As for the repair, though, I wouldn’t doubt its integrity. The axle is first inspected (including sandblasting) for corrosion and cracks. If it is found to be defective, then it is replaced. If it is found to be clear of cracks and corrosion, then (and only then - you have to have some faith in the dealer service dept to do the right thing) they epoxy reinforcement brackets onto the existing part and the unit resealed. So you aren’t just gluing the thing back together and sending them on their way, as your post would seem to imply. And for attaching a reinforcement bracket, epoxy might just be a perfect solution. 2 part epoxies used to bond metals can easily show shear strength in excess of 2300 psi. You could do better with grade 8 bolts… or welding. But you’ll be using a much smaller surface area - welding you’d likely only hit the edges, and bolts, well, you’d have to use a fair number AND then you’d be putting more holes in the axle that could lead to more corrosion.

There’s really no reason to fear epoxies… Heck, at 2300 psi, if the brackets were just a bit over 2"x4", a well-done epoxy job would be strong enough to hang FIVE Windstars from the epoxied bracket without it failing in shear.

That said, there are plenty of reasons to not want a Windstar. :slight_smile:

disclaimer: I’m currently long on Ford stock and bonds

I’ve heard of this problem before, but like others seriously doubt if Honda will help on a 12 year old car.
What you may want to do is write to the address that came with your owner’s manual, state your case, and ask them. The absolute worst that can happen is that they’ll say “no”.

I’ve never performed a rust recall on a Windstar but the comments from Ford mechanics and Windstar owners make me very dubious about the use of epoxy in this area. Reading the complaints shows that a number of people had the Recall done and suffered problems afterwards anyway.

JMHO, but 2300 PSI seems pretty low on the shear strength. While I don’t remember the numbers I’m thinking a lowly Grade 8 1/4" inch bolt had a sheer higher than that and no way would a 1/4 bolt be used on suspension anywhere.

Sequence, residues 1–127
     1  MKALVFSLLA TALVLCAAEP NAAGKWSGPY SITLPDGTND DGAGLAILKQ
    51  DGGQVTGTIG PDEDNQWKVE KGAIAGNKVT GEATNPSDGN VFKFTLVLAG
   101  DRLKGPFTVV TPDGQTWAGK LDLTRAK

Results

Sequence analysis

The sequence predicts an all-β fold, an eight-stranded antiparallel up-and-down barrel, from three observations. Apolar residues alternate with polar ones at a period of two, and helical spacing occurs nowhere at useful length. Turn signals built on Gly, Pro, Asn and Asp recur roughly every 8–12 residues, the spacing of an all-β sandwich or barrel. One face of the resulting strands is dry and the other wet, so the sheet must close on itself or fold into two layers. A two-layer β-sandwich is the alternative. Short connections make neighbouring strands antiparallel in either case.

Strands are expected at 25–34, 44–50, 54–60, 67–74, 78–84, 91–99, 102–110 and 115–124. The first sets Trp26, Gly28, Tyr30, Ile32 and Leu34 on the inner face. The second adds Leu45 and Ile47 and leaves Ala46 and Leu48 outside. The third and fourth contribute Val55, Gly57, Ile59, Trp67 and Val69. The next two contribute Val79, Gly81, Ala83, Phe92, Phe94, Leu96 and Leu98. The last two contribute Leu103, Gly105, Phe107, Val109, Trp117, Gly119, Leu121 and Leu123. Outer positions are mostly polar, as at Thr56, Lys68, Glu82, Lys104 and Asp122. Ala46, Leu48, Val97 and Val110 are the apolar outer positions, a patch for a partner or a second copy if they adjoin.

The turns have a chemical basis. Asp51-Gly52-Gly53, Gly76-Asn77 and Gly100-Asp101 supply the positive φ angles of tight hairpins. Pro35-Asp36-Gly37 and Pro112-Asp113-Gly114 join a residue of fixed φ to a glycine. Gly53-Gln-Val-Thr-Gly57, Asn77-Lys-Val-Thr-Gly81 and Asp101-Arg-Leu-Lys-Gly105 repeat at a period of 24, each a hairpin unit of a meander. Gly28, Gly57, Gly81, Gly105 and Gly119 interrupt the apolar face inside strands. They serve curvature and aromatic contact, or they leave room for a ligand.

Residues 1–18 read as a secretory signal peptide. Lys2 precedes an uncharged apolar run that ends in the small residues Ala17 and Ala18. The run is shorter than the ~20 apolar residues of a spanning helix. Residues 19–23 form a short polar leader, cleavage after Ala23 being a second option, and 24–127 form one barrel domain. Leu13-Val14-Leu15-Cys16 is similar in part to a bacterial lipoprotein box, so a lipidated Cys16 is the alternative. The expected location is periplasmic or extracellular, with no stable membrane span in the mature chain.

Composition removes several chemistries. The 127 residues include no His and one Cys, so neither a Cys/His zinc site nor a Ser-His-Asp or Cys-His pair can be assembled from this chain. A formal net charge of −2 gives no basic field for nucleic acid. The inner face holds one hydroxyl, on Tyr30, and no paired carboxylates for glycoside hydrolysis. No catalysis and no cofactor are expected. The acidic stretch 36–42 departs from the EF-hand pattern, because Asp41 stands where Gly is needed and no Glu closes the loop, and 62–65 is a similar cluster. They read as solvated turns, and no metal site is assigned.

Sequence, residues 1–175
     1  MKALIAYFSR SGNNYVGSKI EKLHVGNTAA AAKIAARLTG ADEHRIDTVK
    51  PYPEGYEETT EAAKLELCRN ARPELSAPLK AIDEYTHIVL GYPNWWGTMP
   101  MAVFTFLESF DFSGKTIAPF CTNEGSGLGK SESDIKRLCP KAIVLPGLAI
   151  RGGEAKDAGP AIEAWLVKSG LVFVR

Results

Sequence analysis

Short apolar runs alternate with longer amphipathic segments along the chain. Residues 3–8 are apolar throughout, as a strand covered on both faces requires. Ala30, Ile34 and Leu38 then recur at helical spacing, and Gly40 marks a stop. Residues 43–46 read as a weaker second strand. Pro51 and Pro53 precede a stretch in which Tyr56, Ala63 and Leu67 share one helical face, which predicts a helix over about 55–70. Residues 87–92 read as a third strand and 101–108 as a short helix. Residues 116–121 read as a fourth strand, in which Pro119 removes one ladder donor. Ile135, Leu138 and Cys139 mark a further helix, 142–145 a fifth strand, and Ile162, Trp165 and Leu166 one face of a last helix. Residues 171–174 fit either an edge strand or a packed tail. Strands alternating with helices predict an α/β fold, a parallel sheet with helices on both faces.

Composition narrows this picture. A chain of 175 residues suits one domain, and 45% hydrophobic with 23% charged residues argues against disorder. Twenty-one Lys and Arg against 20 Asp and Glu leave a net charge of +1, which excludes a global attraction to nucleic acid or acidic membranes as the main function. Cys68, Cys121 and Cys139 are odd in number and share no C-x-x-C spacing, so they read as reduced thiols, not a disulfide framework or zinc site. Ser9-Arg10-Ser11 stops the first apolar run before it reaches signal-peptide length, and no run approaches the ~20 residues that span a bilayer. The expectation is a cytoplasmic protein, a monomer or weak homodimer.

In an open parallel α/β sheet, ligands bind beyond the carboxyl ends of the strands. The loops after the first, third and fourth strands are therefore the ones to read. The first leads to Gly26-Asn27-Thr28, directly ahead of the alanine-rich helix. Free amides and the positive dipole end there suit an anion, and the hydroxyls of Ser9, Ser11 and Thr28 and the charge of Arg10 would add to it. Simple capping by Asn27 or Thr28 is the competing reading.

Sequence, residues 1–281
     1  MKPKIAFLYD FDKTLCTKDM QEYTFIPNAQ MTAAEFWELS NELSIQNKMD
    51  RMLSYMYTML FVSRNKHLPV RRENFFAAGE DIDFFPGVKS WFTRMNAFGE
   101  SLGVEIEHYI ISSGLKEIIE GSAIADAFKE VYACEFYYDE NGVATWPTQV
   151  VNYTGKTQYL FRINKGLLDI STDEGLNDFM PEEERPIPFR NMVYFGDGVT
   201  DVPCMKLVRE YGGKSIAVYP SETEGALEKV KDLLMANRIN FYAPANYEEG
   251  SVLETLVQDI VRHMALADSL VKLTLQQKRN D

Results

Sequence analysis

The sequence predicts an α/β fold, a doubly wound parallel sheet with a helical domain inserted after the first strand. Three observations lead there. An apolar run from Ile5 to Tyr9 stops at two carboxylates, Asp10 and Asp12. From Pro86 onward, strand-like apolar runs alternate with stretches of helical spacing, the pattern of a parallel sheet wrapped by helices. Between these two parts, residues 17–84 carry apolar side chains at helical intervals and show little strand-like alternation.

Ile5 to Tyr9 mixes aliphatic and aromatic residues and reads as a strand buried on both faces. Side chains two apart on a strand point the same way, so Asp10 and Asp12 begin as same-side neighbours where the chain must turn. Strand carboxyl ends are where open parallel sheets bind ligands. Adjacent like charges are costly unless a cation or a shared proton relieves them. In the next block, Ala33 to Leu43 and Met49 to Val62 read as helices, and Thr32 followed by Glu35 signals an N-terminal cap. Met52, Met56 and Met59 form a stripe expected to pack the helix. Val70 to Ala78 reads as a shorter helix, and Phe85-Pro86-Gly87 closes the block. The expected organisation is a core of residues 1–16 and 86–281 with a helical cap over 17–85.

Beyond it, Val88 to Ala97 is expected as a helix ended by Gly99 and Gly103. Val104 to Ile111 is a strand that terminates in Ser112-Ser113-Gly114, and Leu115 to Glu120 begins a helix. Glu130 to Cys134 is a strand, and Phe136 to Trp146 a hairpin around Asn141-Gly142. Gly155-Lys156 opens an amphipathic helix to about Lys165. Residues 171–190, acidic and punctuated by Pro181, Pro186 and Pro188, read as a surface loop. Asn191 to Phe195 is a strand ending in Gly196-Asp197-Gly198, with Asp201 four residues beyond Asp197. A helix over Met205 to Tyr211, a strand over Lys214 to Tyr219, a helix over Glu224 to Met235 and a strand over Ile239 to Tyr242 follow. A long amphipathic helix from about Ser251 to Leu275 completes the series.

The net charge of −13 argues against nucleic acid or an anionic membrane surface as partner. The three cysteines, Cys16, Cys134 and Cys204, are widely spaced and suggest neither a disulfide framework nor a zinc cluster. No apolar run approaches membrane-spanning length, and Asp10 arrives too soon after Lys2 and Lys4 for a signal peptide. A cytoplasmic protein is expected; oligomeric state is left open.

A vehicle diagram from the company that makes the epoxy lists several dozen uses for it but suspension is not one of them.
While complaints should always be taken with a grain of salt, one has to wonder in the cut and paste complaint below.

I did a little more digging. I called the LORD Corp. (which manufactures several adhesives as well as the one used on the Windstar recalls). I talked to a rep. who helped formulate the very epoxy they use in these recalls. When I told him how Ford used the epoxy to “GLUE” my control arm bracket back on the subframe, he said that "That epoxy was never meant to be used in high stress areas or where seperation has occured: Meaning that this is a BOGUS fix that Ford is cheaping out on, leaving the safety of it’s consumers to take on the potential risks.!! I tried calling corporate H.Q. but they never returned my call. If they don’t do something else here, I’ll plaster this story all over the local news, then call ABC news, (since they already did a story on the rear axle recall). I plan on getting rid of this P.O.S., (never any Ford agan) and I hope anyone that has one can do the same. thing. I’m sure the repair would last for a little while, but it’s still NOT RIGHT!!!

@ok4450 -

2300 psi is low compared to a grade 8 bolt. But the key is that you get a lot more area covered than bolts, plus you don’t have stress concentration problems from the bolt holes themselves. The same principle applied not that long ago when an aircraft manufacturer determined that velcro actually was a stronger attachment for wings to the fuselage than the thousands of rivets they did use. Often those concentrations are a much bigger problem than shear (also why oversized bolts are often used).

As for the comment you pasted, that would imply to me that the person had a problem understanding the repair OR that the mechanics weren’t properly following the recall procedure OR that they simply miscommunicated to the owner what had been done.

The approved repair was NEVER to glue a control arm onto a subframe. The epoxy was NEVER supposed to be used on a part where separation had occurred or the part had even cracked. They were only supposed to use epoxy when the part was in good condition. That part should then have been strong enough for normal use (no cracks or corrosion), and the repair would then have significantly reduced loading on the part, thus making failure much less likely.

I’m with tester on this one, get a second opinion (on the Honda, not the Windstars that everyone has gravitated too) because the noise you describe sounds more like a CV joint than a subframe. This car is about the right age for the CV joint boots to tear and when they do, the CV joint will only last a couple of weeks before it starts knocking when exiting from a turn.